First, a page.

John Coltrane, Venus (1967)

Transcribed by Lewis Porter; performing edition edited by Eric Hewitt

John Coltrane's "Venus" was recorded in 1967 as a duet with Rashied Ali, a pioneer of what was called "multidirectional/polytonal drumming." It accompanies "Mars," "Jupiter," and "Saturn" on one of Coltrane's final albums, "Interstellar Space" (released posthumously in 1974 and again in 1978 with two additional tracks: "Leo" and "Jupiter Variation"). This album was a revolution in the art of jazz music, as well as in the art of saxophone playing. For the Yesaroun' Duo, it represents the genesis of our instrumentation as well as a monumental landmark in avant-garde music - composed or not. For me personally, Venus is a modern virtuosic jazz caprice in a style that is never really explored by "classical" saxophonists, and to be a "complete" saxophonist is to understand this virtuoso by playing his music in the same way that violinists better understand violin playing by conquering the Caprices of Paganini.

At first, the exact reproduction of an improvised musical composition may seem antithetical to its creation and essence, as well as impractical and probably impossible. Our attempt to create a live experience of a performance of Venus stems from a belief that this, although improvised in its creation (just as so many of the masterpieces of many Baroque and Classical composers), is art music that must continue to live and breath in the world today. This intensely spiritual work was one of Coltrane's final reaches towards the heavens which, we believe, even in recreation reaches as high as has the music of only a handful of composers.
-Eric Hewitt

Composer Ken Ueno offers the following thoughts on Venus:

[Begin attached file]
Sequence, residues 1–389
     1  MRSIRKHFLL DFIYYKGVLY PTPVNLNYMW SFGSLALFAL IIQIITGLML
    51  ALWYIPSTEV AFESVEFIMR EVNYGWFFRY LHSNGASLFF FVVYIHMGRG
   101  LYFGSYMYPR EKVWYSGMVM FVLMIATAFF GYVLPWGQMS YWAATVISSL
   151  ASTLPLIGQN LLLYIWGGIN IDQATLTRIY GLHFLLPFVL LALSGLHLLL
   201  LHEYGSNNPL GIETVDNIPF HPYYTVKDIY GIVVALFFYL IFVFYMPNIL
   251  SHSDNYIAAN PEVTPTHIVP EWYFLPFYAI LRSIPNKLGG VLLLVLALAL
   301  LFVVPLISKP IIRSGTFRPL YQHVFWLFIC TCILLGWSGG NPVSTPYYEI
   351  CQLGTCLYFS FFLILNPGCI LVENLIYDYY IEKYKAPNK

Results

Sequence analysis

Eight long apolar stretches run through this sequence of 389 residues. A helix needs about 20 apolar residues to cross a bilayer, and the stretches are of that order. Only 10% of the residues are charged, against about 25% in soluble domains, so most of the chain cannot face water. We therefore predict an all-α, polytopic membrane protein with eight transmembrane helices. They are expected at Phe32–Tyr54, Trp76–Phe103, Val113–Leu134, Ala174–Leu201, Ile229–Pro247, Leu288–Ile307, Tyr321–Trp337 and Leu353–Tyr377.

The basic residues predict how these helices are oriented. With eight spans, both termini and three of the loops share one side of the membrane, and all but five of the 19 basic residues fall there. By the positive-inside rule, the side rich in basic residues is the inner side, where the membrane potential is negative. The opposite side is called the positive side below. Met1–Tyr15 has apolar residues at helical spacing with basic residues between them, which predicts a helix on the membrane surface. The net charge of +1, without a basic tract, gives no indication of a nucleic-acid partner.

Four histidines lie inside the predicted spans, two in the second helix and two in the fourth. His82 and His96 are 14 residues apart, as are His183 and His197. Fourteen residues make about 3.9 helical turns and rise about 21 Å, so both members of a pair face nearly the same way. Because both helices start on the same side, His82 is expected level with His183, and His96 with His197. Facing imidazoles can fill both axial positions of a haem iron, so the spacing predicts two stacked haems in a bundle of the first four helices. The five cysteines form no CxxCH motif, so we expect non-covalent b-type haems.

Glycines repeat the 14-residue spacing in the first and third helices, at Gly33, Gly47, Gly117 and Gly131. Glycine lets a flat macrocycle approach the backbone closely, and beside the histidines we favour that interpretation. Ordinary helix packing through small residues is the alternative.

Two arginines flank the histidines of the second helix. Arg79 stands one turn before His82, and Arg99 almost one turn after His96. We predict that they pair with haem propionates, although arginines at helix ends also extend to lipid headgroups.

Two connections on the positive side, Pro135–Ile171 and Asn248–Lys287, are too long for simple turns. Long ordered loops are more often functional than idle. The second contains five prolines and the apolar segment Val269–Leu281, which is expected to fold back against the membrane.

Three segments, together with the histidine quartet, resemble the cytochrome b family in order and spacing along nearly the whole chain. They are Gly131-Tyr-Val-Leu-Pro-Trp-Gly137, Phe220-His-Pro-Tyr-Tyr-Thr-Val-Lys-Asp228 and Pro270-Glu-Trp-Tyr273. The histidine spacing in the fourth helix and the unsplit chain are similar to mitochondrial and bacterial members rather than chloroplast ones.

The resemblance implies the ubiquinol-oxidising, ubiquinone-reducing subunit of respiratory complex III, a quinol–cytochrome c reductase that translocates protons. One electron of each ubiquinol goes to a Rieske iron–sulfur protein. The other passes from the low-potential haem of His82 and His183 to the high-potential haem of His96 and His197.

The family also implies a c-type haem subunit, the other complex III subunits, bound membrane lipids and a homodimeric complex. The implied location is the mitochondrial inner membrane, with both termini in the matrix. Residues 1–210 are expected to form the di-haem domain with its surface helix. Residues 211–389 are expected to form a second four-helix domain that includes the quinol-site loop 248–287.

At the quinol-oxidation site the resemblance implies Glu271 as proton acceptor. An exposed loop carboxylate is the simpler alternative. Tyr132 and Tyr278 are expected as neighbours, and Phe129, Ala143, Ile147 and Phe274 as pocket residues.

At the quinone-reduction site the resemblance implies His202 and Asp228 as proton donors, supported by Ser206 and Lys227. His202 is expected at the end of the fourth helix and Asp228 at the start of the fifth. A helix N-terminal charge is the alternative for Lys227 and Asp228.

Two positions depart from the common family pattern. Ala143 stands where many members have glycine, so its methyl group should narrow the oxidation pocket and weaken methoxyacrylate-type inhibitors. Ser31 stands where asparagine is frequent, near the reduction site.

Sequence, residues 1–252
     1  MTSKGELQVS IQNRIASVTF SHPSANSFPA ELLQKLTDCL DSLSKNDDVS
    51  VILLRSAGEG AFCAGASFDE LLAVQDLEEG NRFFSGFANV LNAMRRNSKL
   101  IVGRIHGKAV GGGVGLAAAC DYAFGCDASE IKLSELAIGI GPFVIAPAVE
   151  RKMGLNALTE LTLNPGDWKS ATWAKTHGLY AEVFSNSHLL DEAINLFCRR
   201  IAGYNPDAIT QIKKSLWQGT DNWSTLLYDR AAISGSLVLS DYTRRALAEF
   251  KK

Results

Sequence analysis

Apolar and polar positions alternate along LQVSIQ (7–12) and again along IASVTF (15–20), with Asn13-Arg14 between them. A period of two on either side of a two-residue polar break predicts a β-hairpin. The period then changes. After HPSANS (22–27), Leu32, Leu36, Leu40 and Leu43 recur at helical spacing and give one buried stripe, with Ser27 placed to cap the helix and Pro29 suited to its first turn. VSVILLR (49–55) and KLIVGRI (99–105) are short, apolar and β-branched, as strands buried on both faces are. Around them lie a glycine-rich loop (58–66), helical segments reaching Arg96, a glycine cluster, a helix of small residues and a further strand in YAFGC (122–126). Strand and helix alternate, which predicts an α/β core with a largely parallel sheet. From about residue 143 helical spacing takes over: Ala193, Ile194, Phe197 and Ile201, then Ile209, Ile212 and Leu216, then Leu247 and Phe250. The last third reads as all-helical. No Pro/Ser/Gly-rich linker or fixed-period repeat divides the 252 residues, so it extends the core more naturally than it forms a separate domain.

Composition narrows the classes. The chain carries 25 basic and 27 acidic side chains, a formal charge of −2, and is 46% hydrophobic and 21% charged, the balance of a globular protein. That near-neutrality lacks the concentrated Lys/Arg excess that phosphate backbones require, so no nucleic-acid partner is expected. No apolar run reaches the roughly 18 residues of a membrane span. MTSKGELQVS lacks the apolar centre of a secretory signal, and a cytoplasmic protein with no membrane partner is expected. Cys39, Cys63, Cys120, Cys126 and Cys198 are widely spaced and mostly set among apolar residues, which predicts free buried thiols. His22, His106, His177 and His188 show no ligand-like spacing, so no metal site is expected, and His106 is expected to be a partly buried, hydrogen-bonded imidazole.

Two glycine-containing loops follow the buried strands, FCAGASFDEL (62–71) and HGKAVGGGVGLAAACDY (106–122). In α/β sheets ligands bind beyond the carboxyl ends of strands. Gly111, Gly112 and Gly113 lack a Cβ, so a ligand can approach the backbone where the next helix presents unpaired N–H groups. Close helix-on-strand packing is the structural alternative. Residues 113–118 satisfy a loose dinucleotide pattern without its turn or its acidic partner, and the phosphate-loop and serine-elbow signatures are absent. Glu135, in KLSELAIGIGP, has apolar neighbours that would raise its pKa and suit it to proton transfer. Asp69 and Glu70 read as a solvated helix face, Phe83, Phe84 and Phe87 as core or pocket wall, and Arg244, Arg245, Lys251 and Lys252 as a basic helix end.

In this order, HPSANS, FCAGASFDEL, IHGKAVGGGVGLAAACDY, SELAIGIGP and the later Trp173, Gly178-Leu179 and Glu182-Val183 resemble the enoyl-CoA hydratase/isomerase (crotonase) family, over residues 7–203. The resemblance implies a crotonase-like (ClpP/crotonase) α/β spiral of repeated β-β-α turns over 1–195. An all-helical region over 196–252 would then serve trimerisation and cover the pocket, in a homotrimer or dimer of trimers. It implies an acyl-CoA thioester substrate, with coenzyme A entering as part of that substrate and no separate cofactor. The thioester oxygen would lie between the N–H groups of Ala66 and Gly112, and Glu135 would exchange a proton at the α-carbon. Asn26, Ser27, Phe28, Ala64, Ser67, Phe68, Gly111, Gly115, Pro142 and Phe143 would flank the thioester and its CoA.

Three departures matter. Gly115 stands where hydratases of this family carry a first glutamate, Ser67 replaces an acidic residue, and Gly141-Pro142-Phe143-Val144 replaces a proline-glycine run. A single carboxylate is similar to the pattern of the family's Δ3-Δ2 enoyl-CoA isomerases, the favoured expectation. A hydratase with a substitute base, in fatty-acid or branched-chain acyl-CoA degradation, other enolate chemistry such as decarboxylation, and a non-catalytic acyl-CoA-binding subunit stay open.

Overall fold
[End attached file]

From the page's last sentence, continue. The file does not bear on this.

Here is a complex arch-form with no real "head," but instead an opening motive that is thoroughly developed, contrasted, and recapitulated. There is no harmonic progression, but rather a clear sense of chromatic accumulation. There is no meter, but there is a consistent sense of pulse. No accompaniment, or "comping," but instead a self-sufficient saxophone part. All this makes for a piece in which it is impossible to distinguish between that which is "composed" and that which is "improvised." In Venus, created at the end of his life, Coltrane achieves total integration between composition and improvisation. Another way to consider the form is as though Coltrane has created a new genre, one in which a personal raga is played through the voice of jazz. As in a raga, the elements that define the abstract identity of the piece are evoked through the improvisation. It is the culmination of Coltrane's lifelong experience in jazz, self-education in Slonimsky scales and Indian music, technical mastery of the saxophone, and pursuit of spirituality. There is nothing here but pure music.


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